“Calm, Easygoing, Hardworking”: Down Under With Taylor Fritz
Professional tennis fast approaches a generational juncture. “The old world is dying and the new one struggles to be born,” the Italian Marxist Antonio Gramsci once wrote. As the old guard of Federer and Serena retire, a new class of stars is rising, both on and off the court. More than ever, young players are pushing to define themselves, and tennis players at large, with new roles and fuller affect—to carve out time as models, influencers, investors, musicians; to reveal more of themselves in order to be understood as friendly, creative, political, depressed, complicated.
Enter Taylor Fritz. The 25-year old top-ranked American man ended 2022 on a blazing hot streak, breaking into the top 10 for the first time, and now features as one of the stars of a new Netflix series, Break Point, following the grind of an ascendant group of talent. Days before the Australian Open kicks off, Fritz connected with Charlie Dulik, co-founder of Club Leftist Tennis, a Substack newsletter covering tennis through a left-wing lens, to talk about the show, his generation of players, prank wars, San Diego burritos and more.
CHARLIE DULIK: Congrats on clinching the United Cup for Team USA. How does it feel to head into the Australian Open with that kind of momentum?
TAYLOR FRITZ: It’s great to have that confidence, to be able to win an event, and not just win it, but to be able to play a lot of matches against top players and feel that I’m playing really well.
DULIK: You’ve been on a crazy hot streak, breaking into the top 10 at the end of last year. I’m curious what you think has really started clicking for you?
FRITZ: All of last year I felt like my forehand turned into much more of a weapon. I could trust it a lot more. A lot of my game is coming together and I’m much more solid. I guess my average level that I’ll show up with most of the time has gotten a lot better. It’s not just that I can play really, really well, and if I don’t, then I can’t beat people. I think now, I show up, and what I’ll bring 90% of the time is a true top 10 level. So that’s been a big thing.
DULIK: It’s been cool watching that happen as a fan. And I love watching all these team tournaments, like the United Cup. I’m curious if you feel like it brings a different element to your game when you’re playing with other young players and other Americans, as opposed to always being against everyone?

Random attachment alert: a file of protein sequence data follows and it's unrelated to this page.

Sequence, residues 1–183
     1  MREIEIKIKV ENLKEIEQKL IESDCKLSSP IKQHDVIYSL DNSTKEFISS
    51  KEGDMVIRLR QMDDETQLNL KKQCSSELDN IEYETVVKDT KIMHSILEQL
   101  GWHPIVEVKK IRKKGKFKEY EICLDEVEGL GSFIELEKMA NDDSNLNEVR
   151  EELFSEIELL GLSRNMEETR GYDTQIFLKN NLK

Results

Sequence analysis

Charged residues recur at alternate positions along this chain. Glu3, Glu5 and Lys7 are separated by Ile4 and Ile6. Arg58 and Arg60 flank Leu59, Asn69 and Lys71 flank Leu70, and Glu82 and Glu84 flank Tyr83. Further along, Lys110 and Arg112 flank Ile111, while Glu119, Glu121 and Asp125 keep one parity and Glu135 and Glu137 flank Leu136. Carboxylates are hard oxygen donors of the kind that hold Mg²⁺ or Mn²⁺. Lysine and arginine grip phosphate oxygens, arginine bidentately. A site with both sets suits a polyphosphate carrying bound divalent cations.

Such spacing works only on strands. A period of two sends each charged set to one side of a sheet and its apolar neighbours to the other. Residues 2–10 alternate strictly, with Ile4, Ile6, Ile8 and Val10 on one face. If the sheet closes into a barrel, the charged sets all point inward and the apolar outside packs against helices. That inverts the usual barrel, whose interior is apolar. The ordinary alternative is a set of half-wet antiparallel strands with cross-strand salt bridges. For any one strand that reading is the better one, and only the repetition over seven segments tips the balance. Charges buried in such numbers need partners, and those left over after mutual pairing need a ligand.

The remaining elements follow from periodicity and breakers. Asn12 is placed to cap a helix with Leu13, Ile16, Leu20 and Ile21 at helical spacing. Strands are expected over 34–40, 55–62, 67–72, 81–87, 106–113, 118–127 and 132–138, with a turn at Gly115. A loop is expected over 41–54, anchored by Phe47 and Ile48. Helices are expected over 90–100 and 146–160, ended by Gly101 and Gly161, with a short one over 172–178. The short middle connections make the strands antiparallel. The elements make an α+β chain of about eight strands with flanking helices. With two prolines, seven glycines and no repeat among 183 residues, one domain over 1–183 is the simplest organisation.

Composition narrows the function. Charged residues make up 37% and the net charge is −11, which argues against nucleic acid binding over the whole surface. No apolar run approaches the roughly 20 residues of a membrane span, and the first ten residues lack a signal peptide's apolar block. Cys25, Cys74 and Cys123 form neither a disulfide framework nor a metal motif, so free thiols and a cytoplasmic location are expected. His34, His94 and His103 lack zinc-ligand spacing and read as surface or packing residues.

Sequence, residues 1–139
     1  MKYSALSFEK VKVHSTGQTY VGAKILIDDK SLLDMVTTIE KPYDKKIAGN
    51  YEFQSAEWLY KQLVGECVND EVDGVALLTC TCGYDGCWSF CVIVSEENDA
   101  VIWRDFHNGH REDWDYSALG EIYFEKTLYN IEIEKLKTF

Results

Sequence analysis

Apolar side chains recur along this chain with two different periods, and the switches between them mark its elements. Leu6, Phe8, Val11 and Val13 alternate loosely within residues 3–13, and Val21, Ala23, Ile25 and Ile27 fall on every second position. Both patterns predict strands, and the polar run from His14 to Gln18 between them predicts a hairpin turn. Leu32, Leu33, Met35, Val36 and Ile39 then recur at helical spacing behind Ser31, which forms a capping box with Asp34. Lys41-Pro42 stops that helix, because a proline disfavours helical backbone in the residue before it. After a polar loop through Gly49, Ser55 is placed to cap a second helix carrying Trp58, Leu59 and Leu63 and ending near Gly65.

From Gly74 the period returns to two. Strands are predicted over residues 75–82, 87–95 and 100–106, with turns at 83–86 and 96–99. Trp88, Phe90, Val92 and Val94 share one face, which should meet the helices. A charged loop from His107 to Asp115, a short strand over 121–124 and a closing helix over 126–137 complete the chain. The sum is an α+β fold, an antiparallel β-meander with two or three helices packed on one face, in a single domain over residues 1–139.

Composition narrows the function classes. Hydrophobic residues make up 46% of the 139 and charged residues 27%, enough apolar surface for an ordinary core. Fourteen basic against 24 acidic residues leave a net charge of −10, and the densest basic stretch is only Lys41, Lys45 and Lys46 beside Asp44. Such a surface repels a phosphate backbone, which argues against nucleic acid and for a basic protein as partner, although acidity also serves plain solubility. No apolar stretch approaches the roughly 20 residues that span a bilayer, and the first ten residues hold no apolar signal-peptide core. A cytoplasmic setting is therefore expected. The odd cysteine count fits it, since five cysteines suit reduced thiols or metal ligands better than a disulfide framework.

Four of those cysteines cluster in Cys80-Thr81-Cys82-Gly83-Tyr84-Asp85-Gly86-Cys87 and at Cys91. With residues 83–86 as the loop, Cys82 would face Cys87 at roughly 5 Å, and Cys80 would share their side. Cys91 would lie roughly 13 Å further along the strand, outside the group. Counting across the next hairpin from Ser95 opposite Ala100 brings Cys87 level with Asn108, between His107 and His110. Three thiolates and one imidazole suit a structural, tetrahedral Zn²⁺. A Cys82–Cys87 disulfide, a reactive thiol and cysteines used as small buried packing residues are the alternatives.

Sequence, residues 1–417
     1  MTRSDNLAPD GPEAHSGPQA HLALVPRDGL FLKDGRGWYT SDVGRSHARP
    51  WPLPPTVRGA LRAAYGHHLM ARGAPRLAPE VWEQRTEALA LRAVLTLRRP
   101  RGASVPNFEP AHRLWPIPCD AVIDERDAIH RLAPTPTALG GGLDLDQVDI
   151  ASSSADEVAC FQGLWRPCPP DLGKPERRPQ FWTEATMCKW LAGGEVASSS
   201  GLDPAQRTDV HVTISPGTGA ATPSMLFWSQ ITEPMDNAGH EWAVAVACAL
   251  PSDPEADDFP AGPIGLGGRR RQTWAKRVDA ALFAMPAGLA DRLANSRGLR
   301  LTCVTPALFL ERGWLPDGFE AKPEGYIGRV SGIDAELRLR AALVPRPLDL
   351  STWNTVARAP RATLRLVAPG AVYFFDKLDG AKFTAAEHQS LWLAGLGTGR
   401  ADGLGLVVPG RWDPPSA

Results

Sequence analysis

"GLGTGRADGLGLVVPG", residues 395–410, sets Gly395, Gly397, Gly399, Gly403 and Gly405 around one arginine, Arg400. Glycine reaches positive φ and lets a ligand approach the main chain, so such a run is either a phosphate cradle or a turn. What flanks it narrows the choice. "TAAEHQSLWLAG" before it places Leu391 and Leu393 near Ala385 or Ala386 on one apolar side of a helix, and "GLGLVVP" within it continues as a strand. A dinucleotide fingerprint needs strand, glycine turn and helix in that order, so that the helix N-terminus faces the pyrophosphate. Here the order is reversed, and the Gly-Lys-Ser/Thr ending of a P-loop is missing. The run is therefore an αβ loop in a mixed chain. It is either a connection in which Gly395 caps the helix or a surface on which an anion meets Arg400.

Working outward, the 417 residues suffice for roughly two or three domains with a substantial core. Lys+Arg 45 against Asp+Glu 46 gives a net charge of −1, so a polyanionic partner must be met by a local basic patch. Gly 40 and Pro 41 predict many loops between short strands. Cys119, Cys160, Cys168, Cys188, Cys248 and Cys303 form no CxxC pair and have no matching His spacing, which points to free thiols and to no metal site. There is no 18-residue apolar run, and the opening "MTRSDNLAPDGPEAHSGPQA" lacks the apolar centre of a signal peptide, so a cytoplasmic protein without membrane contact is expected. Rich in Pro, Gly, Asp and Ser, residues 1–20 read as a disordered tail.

FRITZ: I think there’s definitely different aspects to it. I’ve always performed really well at team events. I think it’s because it brings you a bit of a different energy. There’s more pressure involved. I feel like you almost want to win even more, because you’re not just playing for yourself, you’re playing for other people as well.
DULIK: It seemed like you guys had good camaraderie, but I was concerned. I saw on your Twitter that Frances Tiafoe once pantsed you publicly. So, I’m wondering if you have any big plans for any revenge?
FRITZ: It’s tough to pants Frances back because his butt is so big. You can’t actually pull the shorts down.
DULIK: You’re taking the high road.
FRITZ: No, no, no. I wish I could get him back. I’m sure I’ll get him back sometime. Him and I, we go back and forth all the time. Is someone really a good friend if you can’t mess with each other? That’s kind of our relationship.
DULIK: Totally. So you’re one of the new stars of this Netflix series, Break Point. I’m wondering what you hope people, either fans of tennis or people who aren’t fans of tennis, take away about you personally.
FRITZ: I’m not totally sure. I think that I tried to just be myself and be very real for the cameras. I tried. I never really even acted like they were there. I just hope I come off as myself, confident, calm, easygoing, hardworking.
DULIK: It’s cool to me that it’s not just about you, but this whole class of young stars. You get the personal angle you’re talking about. Do you think viewers will have any overarching takeaways about your generation?
FRITZ: I’m not totally sure yet. I haven’t seen all five episodes, but I feel like there’s going to be a big emphasis on how incredibly tough it is to just be on the tennis tour, because it’s so nonstop. It’s so stressful all the time, how the rankings work and how the points work and how you can lose everything you’ve worked for a long time for if you just get injured or have a bad year. I think that there’s going to be an emphasis on a lot of the mental difficulties of the sport.
DULIK: There’s a big Calvin Klein billboard in Manhattan with Alcaraz in his underwear. Can we expect a big Taylor Fritz underwear ad anytime soon?
FRITZ: Maybe. You never know.
DULIK: You’ve made yourself more available to fans. You’re talking about showing them what your mindset is, your personality. I understand you’re also a Twitch streamer. Has gaming taught you any lessons you bring to the court?